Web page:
A B.C. freelance technology journalist gave his thoughts on the massive Rogers’ service failure.
Andy Baryer, the former host and producer for GetConnected, Canada’s longest-running technology show, said the Rogers’ service failure highlights many concerns experts have.
Rogers service recovering but key B.C. services still affected
“It’s been about 24 hours and we still don’t know what the cause was,” Baryer told Global News on Saturday morning.
“On Friday, I suspected it was a cyber attack, but it doesn’t look like that’s the case (now).”
He continued, “a company called Cloudflare, which manages internet traffic across the world, suspects it’s an internal error.”
Rogers says wireless services restored for ‘vast majority’ as mass outage drags on
Cloudflare posted on its site saying as much.
“Based on what we’re seeing and similar incidents in the past, we believe this is likely to be an internal error, not a cyber attack,” Cloudflare staff wrote in a blog post.
Baryer said a failure as large as this is not only concerning but head-scratching as there are supposed to be protocols in place to prevent such a large failure.
“These networks are designed with redundancies in place to make sure something like this doesn’t happen. The fact that it did happen is very, very alarming,” Baryer said.
“You don’t see this in other countries and this is the second time in 15 months that Rogers network has gone down.”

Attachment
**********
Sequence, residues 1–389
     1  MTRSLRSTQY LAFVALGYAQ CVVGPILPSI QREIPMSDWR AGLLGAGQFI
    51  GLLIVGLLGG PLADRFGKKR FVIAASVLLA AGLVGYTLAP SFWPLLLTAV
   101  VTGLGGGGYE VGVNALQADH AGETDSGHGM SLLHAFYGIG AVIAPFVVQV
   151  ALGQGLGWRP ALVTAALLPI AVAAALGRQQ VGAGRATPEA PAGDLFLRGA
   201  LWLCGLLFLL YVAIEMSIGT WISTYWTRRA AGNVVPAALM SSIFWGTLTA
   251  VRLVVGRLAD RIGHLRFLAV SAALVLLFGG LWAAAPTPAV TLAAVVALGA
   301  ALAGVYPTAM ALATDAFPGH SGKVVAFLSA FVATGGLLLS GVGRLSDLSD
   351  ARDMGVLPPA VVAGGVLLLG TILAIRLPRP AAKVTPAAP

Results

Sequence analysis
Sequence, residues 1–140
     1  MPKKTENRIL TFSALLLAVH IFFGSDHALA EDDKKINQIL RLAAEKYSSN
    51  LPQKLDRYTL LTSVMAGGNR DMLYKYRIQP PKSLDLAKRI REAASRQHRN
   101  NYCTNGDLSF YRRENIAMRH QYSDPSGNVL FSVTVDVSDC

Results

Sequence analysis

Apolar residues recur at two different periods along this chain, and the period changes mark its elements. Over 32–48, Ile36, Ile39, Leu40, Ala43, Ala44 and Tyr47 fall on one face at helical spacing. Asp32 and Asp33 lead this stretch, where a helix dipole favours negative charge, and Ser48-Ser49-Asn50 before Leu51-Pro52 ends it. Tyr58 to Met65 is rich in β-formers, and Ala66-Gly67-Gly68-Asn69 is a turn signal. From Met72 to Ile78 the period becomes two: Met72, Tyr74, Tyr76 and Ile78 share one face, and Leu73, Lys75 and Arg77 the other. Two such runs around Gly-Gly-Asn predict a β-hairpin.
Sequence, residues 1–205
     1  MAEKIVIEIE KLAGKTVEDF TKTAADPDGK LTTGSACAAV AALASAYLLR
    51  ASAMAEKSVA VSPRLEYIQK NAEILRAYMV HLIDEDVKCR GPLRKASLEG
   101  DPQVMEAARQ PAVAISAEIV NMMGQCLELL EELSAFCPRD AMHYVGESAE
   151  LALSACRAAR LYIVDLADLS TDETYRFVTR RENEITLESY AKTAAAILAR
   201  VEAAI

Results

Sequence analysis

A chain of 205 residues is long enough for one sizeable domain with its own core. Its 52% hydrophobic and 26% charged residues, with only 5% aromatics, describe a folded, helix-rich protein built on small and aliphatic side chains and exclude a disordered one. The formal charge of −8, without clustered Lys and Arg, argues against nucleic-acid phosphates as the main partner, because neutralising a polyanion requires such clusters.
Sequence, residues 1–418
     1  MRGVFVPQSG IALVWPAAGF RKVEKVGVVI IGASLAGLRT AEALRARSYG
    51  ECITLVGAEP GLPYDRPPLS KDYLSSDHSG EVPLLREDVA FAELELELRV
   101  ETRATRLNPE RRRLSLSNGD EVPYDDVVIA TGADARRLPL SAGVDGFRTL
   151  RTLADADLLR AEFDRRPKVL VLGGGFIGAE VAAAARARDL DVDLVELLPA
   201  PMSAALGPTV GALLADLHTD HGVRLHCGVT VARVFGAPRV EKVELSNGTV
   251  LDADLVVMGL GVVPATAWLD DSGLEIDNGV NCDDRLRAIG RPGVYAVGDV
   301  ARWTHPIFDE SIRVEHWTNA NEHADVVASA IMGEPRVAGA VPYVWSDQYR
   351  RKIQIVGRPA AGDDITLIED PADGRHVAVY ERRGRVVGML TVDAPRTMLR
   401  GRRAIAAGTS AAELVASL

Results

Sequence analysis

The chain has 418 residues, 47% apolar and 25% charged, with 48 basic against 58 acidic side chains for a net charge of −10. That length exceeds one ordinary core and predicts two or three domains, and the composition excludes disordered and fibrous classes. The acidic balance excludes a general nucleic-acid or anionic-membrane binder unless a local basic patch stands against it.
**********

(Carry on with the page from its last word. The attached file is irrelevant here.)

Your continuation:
Rogers begins restoring service
The technology expert said one of the obvious concerns that has been highlighted with the outage is Canada’s dependency on only three major telecommunication companies.
“It just shows how unfair it is in Canada that we only have three big carrier companies,” Baryer said.
“We already pay high prices for our internet and our cell phone bills and now we have these kinds of service disruptions. It’s bringing back the talk of us bringing in a fourth carrier.”
Compensation for customers has been a large discussion online and Baryer said it’s hard to say how much compensation could be on its way.
“That’s going to be an interesting thing, seeing how much they compensate their users,” Baryer said.
“The compensation for their customers (is up in the air). They still have to compensate the Canadian economy and all the small businesses that suffered on Friday.”
This outage has also led to the thought that Rogers and Shaw merging may be “dead in the water,” according to Baryer.
A day of frustration for millions of Canadians following a nation-wide network outage at Rogers Communications
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